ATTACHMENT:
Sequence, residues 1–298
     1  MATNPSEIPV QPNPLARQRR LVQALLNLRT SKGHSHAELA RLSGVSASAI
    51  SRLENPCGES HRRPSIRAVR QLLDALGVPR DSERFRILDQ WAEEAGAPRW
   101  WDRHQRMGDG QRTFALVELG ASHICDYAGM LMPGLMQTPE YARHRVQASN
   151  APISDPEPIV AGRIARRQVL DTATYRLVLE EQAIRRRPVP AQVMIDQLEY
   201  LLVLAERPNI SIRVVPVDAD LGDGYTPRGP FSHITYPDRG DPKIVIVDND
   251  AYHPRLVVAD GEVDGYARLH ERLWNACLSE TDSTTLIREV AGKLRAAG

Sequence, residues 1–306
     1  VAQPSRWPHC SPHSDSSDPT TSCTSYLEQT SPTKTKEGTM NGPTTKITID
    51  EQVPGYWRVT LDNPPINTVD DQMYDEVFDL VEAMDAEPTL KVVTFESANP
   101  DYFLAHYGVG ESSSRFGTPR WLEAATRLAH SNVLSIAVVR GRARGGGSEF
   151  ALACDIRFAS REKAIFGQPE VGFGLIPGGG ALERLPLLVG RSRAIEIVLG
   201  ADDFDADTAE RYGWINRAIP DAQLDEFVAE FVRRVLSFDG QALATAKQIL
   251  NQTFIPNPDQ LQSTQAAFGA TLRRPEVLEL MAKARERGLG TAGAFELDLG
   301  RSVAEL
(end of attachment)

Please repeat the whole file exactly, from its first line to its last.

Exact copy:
Sequence, residues 1–298
     1  MATNPSEIPV QPNPLARQRR LVQALLNLRT SKGHSHAELA RLSGVSASAI
    51  SRLENPCGES HRRPSIRAVR QLLDALGVPR DSERFRILDQ WAEEAGAPRW
   101  WDRHQRMGDG QRTFALVELG ASHICDYAGM LMPGLMQTPE YARHRVQASN
   151  APISDPEPIV AGRIARRQVL DTATYRLVLE EQAIRRRPVP AQVMIDQLEY
   201  LLVLAERPNI SIRVVPVDAD LGDGYTPRGP FSHITYPDRG DPKIVIVDND
   251  AYHPRLVVAD GEVDGYARLH ERLWNACLSE TDSTTLIREV AGKLRAAG

Sequence, residues 1–306
     1  VAQPSRWPHC SPHSDSSDPT TSCTSYLEQT SPTKTKEGTM NGPTTKITID
    51  EQVPGYWRVT LDNPPINTVD DQMYDEVFDL VEAMDAEPTL KVVTFESANP
   101  DYFLAHYGVG ESSSRFGTPR WLEAATRLAH SNVLSIAVVR GRARGGGSEF
   151  ALACDIRFAS REKAIFGQPE VGFGLIPGGG ALERLPLLVG RSRAIEIVLG
   201  ADDFDADTAE RYGWINRAIP DAQLDEFVAE FVRRVLSFDG QALATAKQIL
   251  NQTFIPNPDQ LQSTQAAFGA TLRRPEVLEL MAKARERGLG TAGAFELDLG
   301  RSVAEL